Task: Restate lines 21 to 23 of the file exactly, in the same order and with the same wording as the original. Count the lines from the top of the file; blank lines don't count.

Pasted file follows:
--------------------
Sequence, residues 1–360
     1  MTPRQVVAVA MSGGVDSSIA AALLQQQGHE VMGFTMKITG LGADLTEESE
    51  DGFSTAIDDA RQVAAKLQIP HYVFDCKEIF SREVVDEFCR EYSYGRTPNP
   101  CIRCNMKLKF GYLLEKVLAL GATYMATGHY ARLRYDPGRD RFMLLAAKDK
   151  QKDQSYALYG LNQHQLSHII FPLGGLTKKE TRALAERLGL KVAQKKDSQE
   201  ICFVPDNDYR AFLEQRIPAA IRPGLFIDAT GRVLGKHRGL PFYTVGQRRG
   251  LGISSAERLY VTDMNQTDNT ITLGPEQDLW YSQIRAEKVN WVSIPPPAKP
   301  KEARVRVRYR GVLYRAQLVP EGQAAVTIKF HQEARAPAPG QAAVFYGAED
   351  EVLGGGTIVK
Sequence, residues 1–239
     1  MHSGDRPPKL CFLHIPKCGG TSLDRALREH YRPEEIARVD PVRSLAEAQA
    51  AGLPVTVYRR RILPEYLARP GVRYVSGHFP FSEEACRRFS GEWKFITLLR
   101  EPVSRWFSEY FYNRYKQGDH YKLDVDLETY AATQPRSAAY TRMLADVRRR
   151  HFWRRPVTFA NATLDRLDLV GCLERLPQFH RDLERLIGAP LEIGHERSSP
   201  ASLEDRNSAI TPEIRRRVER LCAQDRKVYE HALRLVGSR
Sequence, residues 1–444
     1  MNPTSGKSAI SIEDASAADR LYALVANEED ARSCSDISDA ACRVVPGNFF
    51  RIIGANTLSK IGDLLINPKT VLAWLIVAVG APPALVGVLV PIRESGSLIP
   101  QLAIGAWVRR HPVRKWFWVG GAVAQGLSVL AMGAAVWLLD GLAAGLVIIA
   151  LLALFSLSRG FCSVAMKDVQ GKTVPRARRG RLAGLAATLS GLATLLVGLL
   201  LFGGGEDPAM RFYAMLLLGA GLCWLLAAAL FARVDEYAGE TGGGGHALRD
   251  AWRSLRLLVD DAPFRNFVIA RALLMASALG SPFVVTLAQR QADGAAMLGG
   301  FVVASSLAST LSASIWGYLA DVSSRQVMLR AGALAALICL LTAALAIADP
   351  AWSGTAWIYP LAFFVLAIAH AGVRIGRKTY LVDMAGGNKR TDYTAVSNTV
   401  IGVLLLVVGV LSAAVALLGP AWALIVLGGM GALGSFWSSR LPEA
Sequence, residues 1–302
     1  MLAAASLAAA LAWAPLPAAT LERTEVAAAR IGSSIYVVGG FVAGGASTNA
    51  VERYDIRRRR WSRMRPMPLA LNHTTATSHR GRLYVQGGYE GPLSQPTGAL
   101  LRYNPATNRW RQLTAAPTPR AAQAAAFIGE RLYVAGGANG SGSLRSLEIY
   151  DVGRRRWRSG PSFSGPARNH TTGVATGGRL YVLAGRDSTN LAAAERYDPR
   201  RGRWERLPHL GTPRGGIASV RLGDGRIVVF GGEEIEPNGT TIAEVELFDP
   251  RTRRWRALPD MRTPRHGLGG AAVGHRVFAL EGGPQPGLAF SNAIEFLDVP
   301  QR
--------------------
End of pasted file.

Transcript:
   201  LFGGGEDPAM RFYAMLLLGA GLCWLLAAAL FARVDEYAGE TGGGGHALRD
   251  AWRSLRLLVD DAPFRNFVIA RALLMASALG SPFVVTLAQR QADGAAMLGG
   301  FVVASSLAST LSASIWGYLA DVSSRQVMLR AGALAALICL LTAALAIADP